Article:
Companies are faced with both an imperative need and an unprecedented opportunity to renew themselves. It is widely acknowledged that businesses can play a major role in the search for reasoned growth, generating wellbeing and progress. If they are not the ones to take on this challenge, it will be difficult to find anyone else to do it. States lack the financial resources and the necessary flexibility; philanthropy and more generally social economy are progressing but they do not to any extent have the power held by capitalistic companies. Furthermore, with the accelerated pace of digital revolution and technological innovation, businesses can offer new solutions to climate change, health, economy and environment challenges.
The excessive pursuit of a simplistic end: creating shareholder profit has isolated companies and fed suspicion against them. Many of them now complain about this, without reforming however. The current models inherited from the past and above all company purpose and governance need to be thoroughly reconsidered. In an increasingly complex environment, tomorrow’s successful companies will be those which will adopt a flexible governance capable of promoting innovation, while analyzing their contribution to well-being at work and to the preservation of common goods. Possible conditions of such governance – modification of the corporate purpose, prevalence of the enterprise project, accountability to all stakeholders – while safeguarding the essence of the company itself – delegation of authority to the chief executive and search for measured profit as the condition to durability – are described here. These propositions are radical but they will put the enterprise back at the service of society.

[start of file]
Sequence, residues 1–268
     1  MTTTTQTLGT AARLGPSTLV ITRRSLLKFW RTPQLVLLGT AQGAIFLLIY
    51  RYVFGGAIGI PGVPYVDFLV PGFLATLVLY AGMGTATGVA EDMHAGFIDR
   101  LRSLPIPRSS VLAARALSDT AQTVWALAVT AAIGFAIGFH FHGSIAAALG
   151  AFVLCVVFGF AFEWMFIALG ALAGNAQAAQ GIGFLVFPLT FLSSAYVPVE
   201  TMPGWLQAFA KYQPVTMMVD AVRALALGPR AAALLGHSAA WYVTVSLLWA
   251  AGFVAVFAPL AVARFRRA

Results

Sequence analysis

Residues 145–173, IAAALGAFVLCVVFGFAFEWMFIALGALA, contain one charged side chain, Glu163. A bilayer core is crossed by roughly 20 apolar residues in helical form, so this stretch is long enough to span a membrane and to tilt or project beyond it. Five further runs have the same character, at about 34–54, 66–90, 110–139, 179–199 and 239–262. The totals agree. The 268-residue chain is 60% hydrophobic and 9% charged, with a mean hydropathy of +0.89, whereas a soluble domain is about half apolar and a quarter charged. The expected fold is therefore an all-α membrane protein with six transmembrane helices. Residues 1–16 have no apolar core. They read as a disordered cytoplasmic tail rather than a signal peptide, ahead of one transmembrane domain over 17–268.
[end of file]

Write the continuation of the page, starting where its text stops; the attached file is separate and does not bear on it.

Daniel Hurstel is lawyer member of the Paris Bar and member of the Académie Royale des sciences, des lettres & des beaux-arts of Belgium.